Peekskill Presbyterian Church

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Peekskill Presbyterian Church
Front view of Peekskill Presbyterian Church in evening light, showing retaining wall in front
South elevation, 2008
Basic information
Location Peekskill, NY, USA
Geographic coordinates 41°17′19″N 73°55′27″W / 41.28861°N 73.92417°W / 41.28861; -73.92417
Affiliation Presbyterian
Leadership The Rev. Rhonda Kruse (interim)
Website Peekskill Presbyterian Church
Architectural description
Architectural type Church
Architectural style Greek Revival
Groundbreaking 1846
Completed 1846
Specifications
Length 85 feet (26 m)
Width 40 feet (12 m)
Materials wood
U.S. National Register of Historic Places
Added to NRHP: December 4, 2002
NRHP Reference No. 02001400

The Peekskill Presbyterian Church is a historic Greek Revival-style church located in Peekskill, New York, United States. It was built in 1846 and was twice the size of the original sanctuary which the congregation, dating to 1799 but formally incorporated in 1826, had outgrown.

It has been renovated and expanded over the years, but retains much of its original design. The church's bell is the original bell used in the late 18th century. In 2002 it was listed on the National Register of Historic Places, along with some of the other buildings on the property.

Property[edit]

The church sits on a trapezoidal 1.2-acre (4,900 m2) lot at the southeast corner of South and Washington streets west of downtown Peekskill. The ground rises considerably from street level, and there is a four-foot (1.1 m) retaining wall along the front of the property. Behind it, atop the hill, is the former Drum Hill High School, and slightly across the street is the post office, both also listed on the National Register. The high ground and open space across South Street afford the church a sweeping view of the Hudson River and the southern mountains of the Hudson Highlands.[1]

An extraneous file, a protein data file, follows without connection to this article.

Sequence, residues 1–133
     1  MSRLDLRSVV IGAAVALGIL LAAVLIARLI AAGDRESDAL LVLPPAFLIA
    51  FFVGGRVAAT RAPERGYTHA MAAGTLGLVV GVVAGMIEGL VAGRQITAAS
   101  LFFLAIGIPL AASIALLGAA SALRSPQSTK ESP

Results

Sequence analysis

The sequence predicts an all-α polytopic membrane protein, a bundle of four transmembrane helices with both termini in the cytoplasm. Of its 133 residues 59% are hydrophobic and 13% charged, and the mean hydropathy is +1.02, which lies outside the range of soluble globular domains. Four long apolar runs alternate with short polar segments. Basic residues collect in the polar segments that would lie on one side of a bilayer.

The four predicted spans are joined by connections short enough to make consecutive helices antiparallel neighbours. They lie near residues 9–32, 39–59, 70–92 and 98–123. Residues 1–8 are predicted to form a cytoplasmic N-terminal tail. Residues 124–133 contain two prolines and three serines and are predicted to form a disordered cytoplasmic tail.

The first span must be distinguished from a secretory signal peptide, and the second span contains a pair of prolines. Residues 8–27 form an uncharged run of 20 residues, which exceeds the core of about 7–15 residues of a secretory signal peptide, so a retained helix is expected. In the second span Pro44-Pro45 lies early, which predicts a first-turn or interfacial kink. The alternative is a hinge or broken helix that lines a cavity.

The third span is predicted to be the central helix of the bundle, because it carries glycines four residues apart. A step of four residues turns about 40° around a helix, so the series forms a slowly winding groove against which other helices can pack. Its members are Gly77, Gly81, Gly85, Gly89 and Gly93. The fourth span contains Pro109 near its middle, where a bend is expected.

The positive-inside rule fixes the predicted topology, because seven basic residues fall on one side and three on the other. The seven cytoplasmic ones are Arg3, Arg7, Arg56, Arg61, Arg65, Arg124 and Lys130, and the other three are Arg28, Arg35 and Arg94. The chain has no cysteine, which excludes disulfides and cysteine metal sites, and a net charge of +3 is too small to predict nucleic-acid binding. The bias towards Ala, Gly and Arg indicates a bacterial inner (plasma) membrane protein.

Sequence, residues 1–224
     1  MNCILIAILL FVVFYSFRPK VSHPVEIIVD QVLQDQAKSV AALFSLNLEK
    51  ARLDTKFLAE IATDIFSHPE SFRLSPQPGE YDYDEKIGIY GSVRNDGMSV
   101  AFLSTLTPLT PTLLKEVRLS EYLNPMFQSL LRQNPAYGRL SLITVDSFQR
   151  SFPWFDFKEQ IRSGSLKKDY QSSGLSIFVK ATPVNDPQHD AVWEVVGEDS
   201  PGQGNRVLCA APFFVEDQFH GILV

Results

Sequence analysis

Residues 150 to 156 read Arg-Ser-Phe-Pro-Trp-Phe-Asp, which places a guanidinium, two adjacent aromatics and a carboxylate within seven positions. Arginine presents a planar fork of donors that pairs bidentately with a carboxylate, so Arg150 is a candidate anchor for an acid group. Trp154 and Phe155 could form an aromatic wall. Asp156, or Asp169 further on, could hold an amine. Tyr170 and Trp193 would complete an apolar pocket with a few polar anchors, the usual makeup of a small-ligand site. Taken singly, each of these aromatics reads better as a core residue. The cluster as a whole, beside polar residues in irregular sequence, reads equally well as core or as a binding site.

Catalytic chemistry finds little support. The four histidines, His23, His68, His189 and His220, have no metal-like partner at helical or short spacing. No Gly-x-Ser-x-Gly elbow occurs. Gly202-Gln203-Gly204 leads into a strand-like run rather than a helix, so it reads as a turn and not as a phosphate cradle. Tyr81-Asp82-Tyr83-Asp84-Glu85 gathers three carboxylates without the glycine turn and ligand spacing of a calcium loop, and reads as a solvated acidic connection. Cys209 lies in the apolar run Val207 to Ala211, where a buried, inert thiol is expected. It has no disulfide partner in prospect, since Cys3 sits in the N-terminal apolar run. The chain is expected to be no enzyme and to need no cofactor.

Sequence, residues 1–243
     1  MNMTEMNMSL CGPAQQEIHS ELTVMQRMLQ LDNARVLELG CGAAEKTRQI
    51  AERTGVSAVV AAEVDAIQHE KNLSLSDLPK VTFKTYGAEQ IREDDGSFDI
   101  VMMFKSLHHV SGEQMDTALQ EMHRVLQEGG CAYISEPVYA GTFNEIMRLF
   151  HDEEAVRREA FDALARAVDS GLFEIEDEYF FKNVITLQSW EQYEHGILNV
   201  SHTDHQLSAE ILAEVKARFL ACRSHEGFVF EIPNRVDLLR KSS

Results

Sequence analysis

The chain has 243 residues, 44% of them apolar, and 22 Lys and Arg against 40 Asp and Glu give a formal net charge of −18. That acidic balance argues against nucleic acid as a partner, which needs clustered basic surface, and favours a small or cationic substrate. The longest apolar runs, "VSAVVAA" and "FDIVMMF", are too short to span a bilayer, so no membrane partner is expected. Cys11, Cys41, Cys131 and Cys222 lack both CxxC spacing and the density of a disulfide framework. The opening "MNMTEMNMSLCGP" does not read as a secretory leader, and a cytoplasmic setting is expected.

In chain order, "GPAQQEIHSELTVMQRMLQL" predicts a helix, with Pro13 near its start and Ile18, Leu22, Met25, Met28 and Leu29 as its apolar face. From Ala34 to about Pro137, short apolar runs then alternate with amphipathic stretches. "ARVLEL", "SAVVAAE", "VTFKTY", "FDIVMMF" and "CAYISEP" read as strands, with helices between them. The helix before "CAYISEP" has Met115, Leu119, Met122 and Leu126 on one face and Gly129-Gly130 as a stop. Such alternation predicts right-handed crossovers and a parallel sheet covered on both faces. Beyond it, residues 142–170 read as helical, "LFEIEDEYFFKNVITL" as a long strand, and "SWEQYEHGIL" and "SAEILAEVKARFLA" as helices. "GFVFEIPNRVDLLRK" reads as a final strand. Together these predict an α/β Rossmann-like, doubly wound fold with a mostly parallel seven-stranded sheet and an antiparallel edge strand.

Set back somewhat from South Street, the church is a one-story three-by-four-bay building on a stone foundation sided in white clapboard. The pedimented gable roof is supported by four corner Doric pilasters and a full entablature. The front has a centrally placed engaged four-stage bell tower with electric clock. There are four large 36-over-36 double-hung sash windows on either side and two flanking the main entrance. All have eared wood surrounds[1]

The tower's first stage is the front entrance, with Doric pilasters and a triangular pediment. Second is the clock stage, and the third stage, with the bell, has the most elaborate classical ornamentation on the church: eight freestanding Corinthian columns with a triangular pediment spanning each pair. The last stage is an octagonal spire with weathervane.[1]

On the rear is a one-and-a-half-story addition making the building T-shaped. It has a two-story extension of its own on its west of modern construction.[1]

The front door has a denticulated lintel and eared surrounds. Its three sets of doors lead into a vestibule, where staircases lead up to the balcony level and more doors lead into the sanctuary. That room has a high flat ceiling and original wainscoting to the bottom of the windows, which have their original eared surrounds and louvered interior shutters.[1]

In addition to the church there is another building, the Fowler House, and a cemetery on the property. The house, used as church offices, is a two-and-a-half-story clapboard building with a five-bay symmetrical facade and a Victorian projecting gable above the main entrance. The 32-by-45-foot (9.8 by 13.7 m) cemetery is enclosed by an iron fence and contains a small collection of gravestones, the most recent dating to the late 19th century. Both it and the Fowler House are considered contributing resources to the National Register listing.[1]